skip navigation
Una Merkel

Una Merkel

Up
Down

| VIEW ALL

TCM Messageboards
Post your comments here
ADD YOUR COMMENT>

share:

TCM Archive Materials VIEW ALL ARCHIVES (3)

Recent DVDs

 
 

Forbidden... Three Classic Films From Before The Censors Took The "Sin" Out Of Cinema!In the... more info $39.98was $39.98 Buy Now

Destry Rides... American movie icon James Stewart stars in this unconventional western as the... more info $14.98was $14.98 Buy Now

James Stewart:... Hollywood legend James Stewart takes the law into his own hands with 6... more info $39.98was $39.98 Buy Now

42nd Street... This timeless behind-the-scenes musical is a dazzling piece of entertainment.... more info $19.98was $19.98 Buy Now

Road To... Bob Hope and Bing Crosby star in one of the biggest hits of 1941! The classic... more info $14.98was $14.98 Buy Now

Classic... Celebrate the Hollywood musical with some of Tinseltown's biggest stars in this... more info $69.98was $69.98 Buy Now

Also Known As: Died: January 2, 1986
Born: December 10, 1903 Cause of Death:
Birth Place: Covington, Kentucky, USA Profession: Cast ... actor model
RATE AND COMMENT

BIOGRAPHY

This wry, wisecracking blonde never became a star, but brightened up scores of films in the 1930s as the heroine's pal, co-worker or rival. The Kentucky native got her start as a model, drifting into acting in the mid-20s. By 1927, she was appearing on Broadway with Helen Hayes in "Coquette" and three years later was discovered by D.W. Griffith, who cast her as the wan, tragic Ann Rutledge in "Abraham Lincoln".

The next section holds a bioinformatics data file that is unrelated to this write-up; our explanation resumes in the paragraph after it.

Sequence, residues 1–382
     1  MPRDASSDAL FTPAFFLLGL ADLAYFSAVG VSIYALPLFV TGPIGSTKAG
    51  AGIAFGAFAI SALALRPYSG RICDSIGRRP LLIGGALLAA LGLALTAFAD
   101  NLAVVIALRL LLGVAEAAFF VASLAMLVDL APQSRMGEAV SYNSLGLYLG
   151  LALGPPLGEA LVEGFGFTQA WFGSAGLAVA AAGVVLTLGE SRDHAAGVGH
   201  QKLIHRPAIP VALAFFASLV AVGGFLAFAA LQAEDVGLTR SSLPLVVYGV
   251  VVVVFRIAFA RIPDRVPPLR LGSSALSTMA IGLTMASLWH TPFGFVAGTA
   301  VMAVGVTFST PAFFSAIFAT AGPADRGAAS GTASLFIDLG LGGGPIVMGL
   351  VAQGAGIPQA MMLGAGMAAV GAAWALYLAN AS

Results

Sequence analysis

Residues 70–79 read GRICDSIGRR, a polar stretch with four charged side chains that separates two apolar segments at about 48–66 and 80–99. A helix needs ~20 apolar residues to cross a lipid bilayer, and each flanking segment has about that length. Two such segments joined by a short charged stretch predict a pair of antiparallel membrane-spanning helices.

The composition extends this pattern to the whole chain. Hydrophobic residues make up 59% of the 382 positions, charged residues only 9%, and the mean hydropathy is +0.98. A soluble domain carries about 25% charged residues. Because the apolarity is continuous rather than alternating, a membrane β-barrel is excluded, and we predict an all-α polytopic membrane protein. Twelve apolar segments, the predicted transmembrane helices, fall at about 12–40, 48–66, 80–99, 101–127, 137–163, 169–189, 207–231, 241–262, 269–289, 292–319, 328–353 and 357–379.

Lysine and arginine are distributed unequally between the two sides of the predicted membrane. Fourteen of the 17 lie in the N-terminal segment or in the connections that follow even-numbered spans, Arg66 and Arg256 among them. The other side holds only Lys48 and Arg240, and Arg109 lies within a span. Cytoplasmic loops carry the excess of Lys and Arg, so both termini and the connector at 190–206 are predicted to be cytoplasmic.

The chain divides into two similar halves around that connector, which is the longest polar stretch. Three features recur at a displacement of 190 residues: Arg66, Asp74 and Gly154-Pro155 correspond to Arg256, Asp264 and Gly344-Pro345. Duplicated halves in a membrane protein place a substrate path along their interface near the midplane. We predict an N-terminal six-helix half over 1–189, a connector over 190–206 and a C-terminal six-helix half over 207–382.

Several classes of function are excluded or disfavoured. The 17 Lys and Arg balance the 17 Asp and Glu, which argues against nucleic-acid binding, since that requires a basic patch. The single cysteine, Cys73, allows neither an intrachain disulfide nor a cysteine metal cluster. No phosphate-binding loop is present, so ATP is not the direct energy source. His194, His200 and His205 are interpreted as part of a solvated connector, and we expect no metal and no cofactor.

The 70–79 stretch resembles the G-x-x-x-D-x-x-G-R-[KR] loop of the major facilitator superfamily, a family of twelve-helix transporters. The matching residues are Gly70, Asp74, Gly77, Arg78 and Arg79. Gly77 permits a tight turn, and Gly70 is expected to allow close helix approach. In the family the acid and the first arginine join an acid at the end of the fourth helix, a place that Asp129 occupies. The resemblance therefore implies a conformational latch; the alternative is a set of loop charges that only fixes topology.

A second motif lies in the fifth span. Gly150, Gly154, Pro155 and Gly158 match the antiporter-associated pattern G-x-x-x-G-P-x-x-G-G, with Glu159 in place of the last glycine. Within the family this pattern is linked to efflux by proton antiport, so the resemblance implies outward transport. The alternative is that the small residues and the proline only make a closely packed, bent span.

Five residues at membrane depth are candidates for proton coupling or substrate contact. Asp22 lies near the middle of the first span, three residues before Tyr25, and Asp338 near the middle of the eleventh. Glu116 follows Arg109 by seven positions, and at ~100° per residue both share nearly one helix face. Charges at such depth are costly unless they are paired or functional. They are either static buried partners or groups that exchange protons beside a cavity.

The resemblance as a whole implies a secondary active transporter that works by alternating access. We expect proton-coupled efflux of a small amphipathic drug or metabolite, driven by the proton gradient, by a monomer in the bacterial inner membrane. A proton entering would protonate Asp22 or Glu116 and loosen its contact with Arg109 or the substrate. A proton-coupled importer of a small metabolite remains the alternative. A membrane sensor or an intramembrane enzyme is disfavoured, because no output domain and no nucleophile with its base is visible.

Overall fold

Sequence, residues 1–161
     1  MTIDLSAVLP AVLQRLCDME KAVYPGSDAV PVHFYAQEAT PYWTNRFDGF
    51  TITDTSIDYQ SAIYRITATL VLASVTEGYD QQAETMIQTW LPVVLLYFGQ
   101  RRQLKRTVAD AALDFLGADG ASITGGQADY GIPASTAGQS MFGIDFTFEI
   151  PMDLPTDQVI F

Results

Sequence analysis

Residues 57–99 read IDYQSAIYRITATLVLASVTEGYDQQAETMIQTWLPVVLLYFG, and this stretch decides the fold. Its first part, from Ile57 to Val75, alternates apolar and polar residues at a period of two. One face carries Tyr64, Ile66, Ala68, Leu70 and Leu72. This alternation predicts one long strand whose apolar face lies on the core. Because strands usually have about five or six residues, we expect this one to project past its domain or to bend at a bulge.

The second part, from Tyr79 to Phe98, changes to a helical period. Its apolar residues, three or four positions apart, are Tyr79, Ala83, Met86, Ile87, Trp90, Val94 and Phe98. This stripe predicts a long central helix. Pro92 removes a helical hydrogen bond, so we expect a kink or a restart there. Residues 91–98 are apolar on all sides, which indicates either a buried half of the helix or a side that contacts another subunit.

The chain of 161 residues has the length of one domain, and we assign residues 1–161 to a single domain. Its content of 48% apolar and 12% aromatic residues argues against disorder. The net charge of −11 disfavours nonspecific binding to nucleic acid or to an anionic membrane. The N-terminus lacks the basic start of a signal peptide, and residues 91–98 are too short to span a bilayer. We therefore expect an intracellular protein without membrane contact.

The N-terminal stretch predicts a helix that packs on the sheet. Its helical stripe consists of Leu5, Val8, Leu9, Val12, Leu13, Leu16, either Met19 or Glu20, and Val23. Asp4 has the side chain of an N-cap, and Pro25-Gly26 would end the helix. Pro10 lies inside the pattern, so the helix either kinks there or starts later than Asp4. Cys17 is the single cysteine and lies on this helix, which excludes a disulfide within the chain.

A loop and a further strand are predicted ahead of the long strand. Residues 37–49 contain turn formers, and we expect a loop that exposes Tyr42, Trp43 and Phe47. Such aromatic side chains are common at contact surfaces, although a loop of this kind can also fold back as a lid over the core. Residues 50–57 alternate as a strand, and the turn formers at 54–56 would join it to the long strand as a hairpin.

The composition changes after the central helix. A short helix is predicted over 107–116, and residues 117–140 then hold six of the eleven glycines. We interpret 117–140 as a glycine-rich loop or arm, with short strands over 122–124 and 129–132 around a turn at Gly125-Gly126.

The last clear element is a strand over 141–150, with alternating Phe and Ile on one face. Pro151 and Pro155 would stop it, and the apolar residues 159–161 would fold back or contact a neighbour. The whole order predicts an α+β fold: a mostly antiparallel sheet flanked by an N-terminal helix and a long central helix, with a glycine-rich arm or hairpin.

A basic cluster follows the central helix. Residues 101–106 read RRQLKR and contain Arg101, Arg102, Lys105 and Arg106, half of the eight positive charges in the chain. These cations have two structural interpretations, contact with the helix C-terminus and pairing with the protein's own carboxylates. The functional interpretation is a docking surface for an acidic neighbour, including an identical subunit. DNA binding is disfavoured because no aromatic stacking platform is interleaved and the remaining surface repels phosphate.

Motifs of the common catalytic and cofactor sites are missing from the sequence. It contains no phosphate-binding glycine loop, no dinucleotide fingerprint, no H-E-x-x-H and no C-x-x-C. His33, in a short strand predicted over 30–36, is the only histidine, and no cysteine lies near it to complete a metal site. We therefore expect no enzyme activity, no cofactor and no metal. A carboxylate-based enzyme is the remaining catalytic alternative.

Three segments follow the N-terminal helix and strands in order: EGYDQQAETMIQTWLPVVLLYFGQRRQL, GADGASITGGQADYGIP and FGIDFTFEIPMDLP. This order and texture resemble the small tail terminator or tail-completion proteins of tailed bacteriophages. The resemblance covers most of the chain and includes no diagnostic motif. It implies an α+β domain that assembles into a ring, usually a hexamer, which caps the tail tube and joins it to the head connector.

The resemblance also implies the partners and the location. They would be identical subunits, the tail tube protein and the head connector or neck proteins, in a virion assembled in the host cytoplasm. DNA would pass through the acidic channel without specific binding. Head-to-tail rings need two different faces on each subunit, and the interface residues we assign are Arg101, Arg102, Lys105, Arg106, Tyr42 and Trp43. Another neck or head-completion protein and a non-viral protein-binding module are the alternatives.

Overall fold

But Merkel's true forte was comedy, and she was almost promptly typed as the knowing but sunny-natured second lead in films like "Private Lives" (1930), "42nd Street" (1933), "On Borrowed Time" (1939) and "The Bank Dick" (1940). She held her own in a memorable brawl with Marlene Dietrich in "Destry Rides Again" (1939) and went on to grace such diverse features as "The Kentuckian" (1955) and "The Parent Trap" (1961). Merkel also supported Jean Harlow in four films, "Red Headed Woman" (1932), "Bombshell" (1933), "Riffraff" (1935) and "Saratoga" (1937). In 1961, she was nominated for a Best Supporting Actress Oscar for her recreating her stage portrayal of the unstable mother of Alma Winemiller (Geraldine Page) in "Summer and Smoke".

Late in life, Merkel returned to the stage with great success, winning a Tony Award for "The Ponder Heart" (1956), also appearing in "Three's a Family" (1944), "The Remarkable Mr. Pennypacker" (1953) and alongside Jackie Gleason and Walter Pidgeon in the musical "Take Me Along" (1959).

Please support TCMDB by adding to this information.

Click here to contribute